On Tuesday, the Supreme Court passed a landmark judgment on the practice of talaq-e-biddat or instant triple talaq, calling it "manifestly arbitrary" and against the basic tenets of Islam".
The court split 3:2 with the majority terming the practice illegal and unconstitutional. However, the minority " which includes the outgoing Chief Justice JS Khehar " asked the Centre to bring in legislation to govern the practice.
With this verdict, India joins the list of 19 other countries, including Pakistan and Egypt, which have banned the practice.
The apex court, in its judgment, stated that under the practice of instant triple talaq, women are subjected to divorce in one go " without the intervention of choice of legal action " over emails, Skype and WhatsApp and added that this was unconstitutional as it violated the right to equality under Article 14 of the Constitution.
Narendra Modi, in his tweets, hailed the verdict as "historic" and said it would grant equality to Muslim women and would be a powerful measure for female empowerment. But was this the secular and progressive intervention that the Muslim women were seeking? In my opinion, it wasn't.
Throughout the judgment, the bench grappled with the never-ending debate between human rights and cultural relativism. In this struggle between freedom of religion and the fundamental rights of women, the latter seems subordinate given the deliberations of the judges on the issue.
In fact, Chief Justice Khehar also remarked, at some point: "It is not open to a court to accept an egalitarian approach over a practice which constitutes an integral part of religion."
Kamal Farooqui, executive member of the All India Muslim Personal Law Board (AIMPLB), put the dichotomy between religion and fundamental rights in very clear terms: "Court order has affected the rights of religious minority to practice their religion. So it will be having wide ramifications¦ our feeling is that the judgment does not follow Constitutional guarantees."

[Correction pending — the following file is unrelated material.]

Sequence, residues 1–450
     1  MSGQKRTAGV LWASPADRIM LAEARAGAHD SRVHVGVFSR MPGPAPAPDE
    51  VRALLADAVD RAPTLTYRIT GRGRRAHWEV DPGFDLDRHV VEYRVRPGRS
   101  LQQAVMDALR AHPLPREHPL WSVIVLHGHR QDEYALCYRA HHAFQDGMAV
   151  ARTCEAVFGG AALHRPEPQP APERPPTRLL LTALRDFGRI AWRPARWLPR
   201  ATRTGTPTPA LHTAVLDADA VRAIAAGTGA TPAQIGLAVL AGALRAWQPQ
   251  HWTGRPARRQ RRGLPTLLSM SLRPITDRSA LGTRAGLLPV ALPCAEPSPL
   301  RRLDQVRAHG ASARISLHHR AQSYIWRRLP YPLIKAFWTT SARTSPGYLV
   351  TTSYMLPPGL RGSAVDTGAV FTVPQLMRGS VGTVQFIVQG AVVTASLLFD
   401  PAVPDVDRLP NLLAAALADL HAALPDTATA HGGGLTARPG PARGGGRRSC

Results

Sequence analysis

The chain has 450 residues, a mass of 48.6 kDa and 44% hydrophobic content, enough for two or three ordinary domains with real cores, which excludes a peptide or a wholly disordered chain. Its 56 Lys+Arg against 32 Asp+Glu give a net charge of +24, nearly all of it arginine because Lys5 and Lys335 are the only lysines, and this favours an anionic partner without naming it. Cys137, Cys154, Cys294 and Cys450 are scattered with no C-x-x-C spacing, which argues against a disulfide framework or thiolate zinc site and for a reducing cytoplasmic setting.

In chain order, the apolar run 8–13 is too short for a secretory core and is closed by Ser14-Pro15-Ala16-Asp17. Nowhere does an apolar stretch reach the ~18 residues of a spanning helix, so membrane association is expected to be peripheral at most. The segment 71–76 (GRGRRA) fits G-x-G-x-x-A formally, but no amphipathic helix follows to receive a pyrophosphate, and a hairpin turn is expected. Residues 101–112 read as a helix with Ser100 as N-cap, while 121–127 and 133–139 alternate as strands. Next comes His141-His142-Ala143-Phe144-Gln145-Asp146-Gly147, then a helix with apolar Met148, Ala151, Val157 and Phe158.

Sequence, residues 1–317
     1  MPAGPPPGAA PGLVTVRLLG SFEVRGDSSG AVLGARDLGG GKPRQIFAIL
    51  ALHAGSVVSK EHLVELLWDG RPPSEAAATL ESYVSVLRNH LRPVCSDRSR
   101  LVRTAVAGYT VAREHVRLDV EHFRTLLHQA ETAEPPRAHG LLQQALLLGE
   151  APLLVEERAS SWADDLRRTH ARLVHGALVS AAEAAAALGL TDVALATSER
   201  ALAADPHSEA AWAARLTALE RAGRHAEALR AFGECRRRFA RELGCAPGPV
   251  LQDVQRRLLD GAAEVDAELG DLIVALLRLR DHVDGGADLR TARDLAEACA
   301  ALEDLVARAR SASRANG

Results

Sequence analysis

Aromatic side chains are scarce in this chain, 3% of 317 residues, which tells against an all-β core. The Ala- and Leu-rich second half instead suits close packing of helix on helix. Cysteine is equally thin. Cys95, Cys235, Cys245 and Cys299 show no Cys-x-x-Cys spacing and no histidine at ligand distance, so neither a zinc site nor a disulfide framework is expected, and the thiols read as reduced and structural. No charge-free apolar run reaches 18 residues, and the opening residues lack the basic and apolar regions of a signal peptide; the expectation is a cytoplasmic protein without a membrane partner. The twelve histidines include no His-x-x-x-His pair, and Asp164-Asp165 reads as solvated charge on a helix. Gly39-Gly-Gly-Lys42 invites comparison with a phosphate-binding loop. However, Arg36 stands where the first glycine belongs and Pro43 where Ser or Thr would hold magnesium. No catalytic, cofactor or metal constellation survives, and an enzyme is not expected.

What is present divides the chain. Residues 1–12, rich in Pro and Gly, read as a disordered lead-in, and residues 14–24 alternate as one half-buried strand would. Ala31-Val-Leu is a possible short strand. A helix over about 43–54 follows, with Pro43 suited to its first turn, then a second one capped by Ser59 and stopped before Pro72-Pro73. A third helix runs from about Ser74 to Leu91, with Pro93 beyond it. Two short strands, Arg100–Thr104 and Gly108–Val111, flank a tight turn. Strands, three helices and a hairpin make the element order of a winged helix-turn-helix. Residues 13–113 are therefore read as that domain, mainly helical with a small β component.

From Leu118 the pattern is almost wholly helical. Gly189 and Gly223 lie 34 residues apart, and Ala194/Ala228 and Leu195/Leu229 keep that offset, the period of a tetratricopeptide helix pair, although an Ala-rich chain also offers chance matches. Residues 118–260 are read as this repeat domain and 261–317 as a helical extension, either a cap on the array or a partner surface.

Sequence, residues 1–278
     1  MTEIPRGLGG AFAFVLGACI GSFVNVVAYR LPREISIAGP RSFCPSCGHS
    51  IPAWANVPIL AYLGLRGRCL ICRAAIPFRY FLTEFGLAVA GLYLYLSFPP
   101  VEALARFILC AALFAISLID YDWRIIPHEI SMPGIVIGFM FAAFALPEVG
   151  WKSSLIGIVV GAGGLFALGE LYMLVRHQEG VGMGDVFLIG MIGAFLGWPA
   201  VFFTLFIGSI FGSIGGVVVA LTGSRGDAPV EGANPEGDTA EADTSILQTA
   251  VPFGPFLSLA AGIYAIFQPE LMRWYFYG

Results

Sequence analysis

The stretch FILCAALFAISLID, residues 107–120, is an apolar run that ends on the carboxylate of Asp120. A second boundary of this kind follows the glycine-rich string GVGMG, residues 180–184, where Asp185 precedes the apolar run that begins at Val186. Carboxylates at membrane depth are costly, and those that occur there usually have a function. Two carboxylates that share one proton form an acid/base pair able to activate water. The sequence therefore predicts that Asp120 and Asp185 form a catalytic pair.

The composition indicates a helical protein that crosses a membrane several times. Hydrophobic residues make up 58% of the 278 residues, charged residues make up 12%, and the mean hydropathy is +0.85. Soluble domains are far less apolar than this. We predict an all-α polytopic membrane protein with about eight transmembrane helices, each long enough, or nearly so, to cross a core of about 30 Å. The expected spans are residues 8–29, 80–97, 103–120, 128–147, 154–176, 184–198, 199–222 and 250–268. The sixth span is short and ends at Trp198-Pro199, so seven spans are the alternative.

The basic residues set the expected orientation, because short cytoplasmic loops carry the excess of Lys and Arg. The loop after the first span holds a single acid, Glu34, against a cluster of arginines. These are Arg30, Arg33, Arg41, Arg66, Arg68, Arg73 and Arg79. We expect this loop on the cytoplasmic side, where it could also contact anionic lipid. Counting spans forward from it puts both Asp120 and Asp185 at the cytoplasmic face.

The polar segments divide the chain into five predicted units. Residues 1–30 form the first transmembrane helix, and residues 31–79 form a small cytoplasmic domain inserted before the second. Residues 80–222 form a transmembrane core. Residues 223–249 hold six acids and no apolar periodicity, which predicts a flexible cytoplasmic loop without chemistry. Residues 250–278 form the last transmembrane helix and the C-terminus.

One may ask: What does the verdict do for gender equality and women's rights? The answer: Not much.
Because while talaq-e-biddat has been declared unconstitutional, talaq-e-sunnat still exists, and therefore, Muslim men still hold the right to pronounce divorce against their wives without resorting to legal action. While the struggle of women to move the apex court was rewarded, this verdict does not change the dynamics of gender parity.
Lastly, the judgment places a high value on the institution of marriage with regard to women's rights. The bench debated the nature of Hindu marriage as a "sacrament" and Muslim marriage as a "contract" when the issue was clear: Do Muslim women have the same rights in marriage as Muslim men? By bringing up the nature of marriage and the concept of personal laws, the Supreme Court yet again subordinated the role and rights of women.
Only Justice Kurian's opinion gives us a full background of the practice, and what the next steps should be, without meandering into irrelevant conversations. His opinion puts out whether or not triple talaq has any legal sanctity, and it is based on Shamim Ara v. State of UP and Anr which held that triple talaq "lacks legal sanctity".
In conclusion, while the judgment has been heralded as a game changer, it adds very little legal value in the larger scheme of things.
The reason for this may be because Muslim women are trapped between religious ideology, which is often laden with "patriarchal tyranny" and the concept of secular and universalist constitutional rights.
As Zakia Soman of the Bhartiya Muslim Mahila Andolan said: "¦ the battle for women's rights will go on."